The Great Yoga Debate entered a courtroom and a verdict is in. Take the Om and Namaste out of yoga class, and substitute Sanskrit posture names such as padmasana with "criss-cross applesauce," and suddenly, yoga is a part of Americana and just fine for public schools. So did rule San Diego Superior Court Judge John Meyer after parents in Encinitas, CA sued the school board for allowing the Jois Foundation to teach a bare bones version of yoga to public school students hoping to decrease obesity and increase relaxation. Students were allowed to opt out, but the parents argued that yoga was essentially a Hindu practice, the teaching of which infringed upon the wall that must separate church, or in this case, temple and state.
In a nearly two-hour bench ruling of the hotly debated yoga-church-state case, Judge Meyer said that even though yoga may date back to 1500 B.C. and have its roots in Hinduism, the 30-minute yoga classes that emphasize respect, proper breathing and posture are not teaching religion.
As a lawyer, mother of two boys in public school, and active proponent of the Hindu American Foundation's (HAF) Take Back Yoga Project, I couldn't agree more. Three years ago, after hearing from the front desk of the Yoga Journal that "they [the editors] avoid it [the term Hinduism] because of its, you know, baggage," HAF set in motion a movement to bring to light the Hindu roots of yoga. The purpose of the project was two-fold: 1) to help the public-at-large understand that what is today generally understood as "yoga" is really asana, just one of the eight limbs of a holistic spiritual discipline; and 2) to call out the yoga industry for delinking yoga from Hinduism in a commercial quest to win over adherents.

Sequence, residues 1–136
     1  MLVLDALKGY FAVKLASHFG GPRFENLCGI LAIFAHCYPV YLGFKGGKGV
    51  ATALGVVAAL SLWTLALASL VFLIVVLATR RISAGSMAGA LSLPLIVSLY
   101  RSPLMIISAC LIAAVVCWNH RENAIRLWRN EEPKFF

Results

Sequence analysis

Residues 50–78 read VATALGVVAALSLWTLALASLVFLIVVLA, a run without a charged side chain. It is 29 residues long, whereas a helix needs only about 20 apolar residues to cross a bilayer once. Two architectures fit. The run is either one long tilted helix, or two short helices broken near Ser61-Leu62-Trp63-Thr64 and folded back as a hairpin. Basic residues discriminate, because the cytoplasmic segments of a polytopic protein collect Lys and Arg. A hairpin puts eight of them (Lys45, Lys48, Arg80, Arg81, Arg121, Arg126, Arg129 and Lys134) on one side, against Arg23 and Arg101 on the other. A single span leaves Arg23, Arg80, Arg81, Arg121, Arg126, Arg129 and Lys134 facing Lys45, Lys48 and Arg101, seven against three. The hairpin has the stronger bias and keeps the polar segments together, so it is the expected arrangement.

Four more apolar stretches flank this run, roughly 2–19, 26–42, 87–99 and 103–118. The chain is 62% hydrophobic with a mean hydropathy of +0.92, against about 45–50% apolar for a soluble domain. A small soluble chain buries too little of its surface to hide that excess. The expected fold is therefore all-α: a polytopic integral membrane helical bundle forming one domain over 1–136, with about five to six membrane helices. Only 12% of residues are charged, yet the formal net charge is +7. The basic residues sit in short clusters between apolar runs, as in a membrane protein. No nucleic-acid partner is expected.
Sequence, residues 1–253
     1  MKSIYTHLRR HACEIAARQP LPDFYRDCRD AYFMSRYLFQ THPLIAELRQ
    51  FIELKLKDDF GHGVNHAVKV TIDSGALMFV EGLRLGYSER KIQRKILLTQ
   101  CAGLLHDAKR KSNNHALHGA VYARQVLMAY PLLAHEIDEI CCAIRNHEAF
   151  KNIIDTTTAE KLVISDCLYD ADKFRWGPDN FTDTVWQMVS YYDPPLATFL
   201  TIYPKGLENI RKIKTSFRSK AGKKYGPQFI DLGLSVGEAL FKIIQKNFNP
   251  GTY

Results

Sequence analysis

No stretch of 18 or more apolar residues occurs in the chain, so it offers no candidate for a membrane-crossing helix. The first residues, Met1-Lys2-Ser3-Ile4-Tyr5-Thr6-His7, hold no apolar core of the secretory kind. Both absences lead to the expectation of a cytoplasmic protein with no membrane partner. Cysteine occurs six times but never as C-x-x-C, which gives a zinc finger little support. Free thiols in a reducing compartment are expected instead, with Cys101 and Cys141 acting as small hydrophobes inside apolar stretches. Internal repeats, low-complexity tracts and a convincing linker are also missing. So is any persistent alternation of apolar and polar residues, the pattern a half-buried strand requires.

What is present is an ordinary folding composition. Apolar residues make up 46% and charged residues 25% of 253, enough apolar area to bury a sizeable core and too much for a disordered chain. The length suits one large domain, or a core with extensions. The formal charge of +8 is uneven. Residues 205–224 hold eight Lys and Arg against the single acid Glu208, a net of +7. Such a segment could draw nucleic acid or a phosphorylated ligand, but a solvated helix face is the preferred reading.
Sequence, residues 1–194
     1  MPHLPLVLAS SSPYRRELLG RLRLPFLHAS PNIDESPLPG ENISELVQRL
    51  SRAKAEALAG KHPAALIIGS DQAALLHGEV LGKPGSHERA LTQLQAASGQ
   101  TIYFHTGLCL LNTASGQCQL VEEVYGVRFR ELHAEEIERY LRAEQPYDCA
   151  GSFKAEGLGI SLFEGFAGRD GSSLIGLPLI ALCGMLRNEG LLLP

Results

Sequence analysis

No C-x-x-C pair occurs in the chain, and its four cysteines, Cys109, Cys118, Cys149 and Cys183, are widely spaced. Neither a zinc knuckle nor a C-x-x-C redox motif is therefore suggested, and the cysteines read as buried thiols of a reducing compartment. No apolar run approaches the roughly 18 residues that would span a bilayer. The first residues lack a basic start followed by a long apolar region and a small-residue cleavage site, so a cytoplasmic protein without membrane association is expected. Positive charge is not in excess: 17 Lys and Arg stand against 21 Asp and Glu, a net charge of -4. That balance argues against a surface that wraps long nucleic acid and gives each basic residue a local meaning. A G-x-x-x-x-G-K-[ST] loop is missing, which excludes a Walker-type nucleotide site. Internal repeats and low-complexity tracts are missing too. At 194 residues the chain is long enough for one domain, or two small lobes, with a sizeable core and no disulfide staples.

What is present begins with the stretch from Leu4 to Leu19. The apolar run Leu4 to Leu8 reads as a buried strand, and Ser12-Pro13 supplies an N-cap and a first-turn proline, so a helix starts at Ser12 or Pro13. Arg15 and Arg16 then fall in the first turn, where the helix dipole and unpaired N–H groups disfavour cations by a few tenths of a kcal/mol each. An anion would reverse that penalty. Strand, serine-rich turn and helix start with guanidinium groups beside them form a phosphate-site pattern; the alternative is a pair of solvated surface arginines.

Yoga is not merely stretching -- downward dogs and warrior poses -- coupled with a few deep breathing exercises. Though they are enormously beneficial, these are, strictly speaking, just asanas, or postures. Yoga is actually a transcendent spiritual journey encompassing moral codes such as ahimsa, or non-violence, purification of the senses and deep meditation. Yoga's journey, Hindus believe, ends in Self-realization, awakening practitioners to the eternal realities of their real Self, their inner consciousness.
Our hope was to promote the understanding that yoga is one of the Hindu tradition's many gifts to humanity. Moreover, Hinduism's pluralistic ethos does not require anyone to repudiate their own faith or convert to Hinduism in order to reap the benefits of yoga and many other transcendental Hindu teachings. Indeed, acknowledgement of the spiritual wellsprings of yoga seems only fair.
The Take Back Yoga Project generated international debate, as has the yoga in school case. Hindus joined many yoga teachers in insisting that the potential benefits of teaching yoga to our hyperactive, hyper-connected, and hyper-stressed children was so great, that HAF should just chill out and agree that yoga has nothing to do with any religion. And so what if yoga were infused with a Hindu sheen, some said. "Hinduism is different from other 'religions' and the teachings are universally applicable -- the laws of karma don't just apply to Hindus," they argued. Or, "If 'Under God' can be in the Pledge of Allegiance, why should yoga teachers have to scrub out Namaste and Om?" And, "Hinduism is non-proselytizing -- you don't have to convert or be Hindu to practice or benefit from yoga."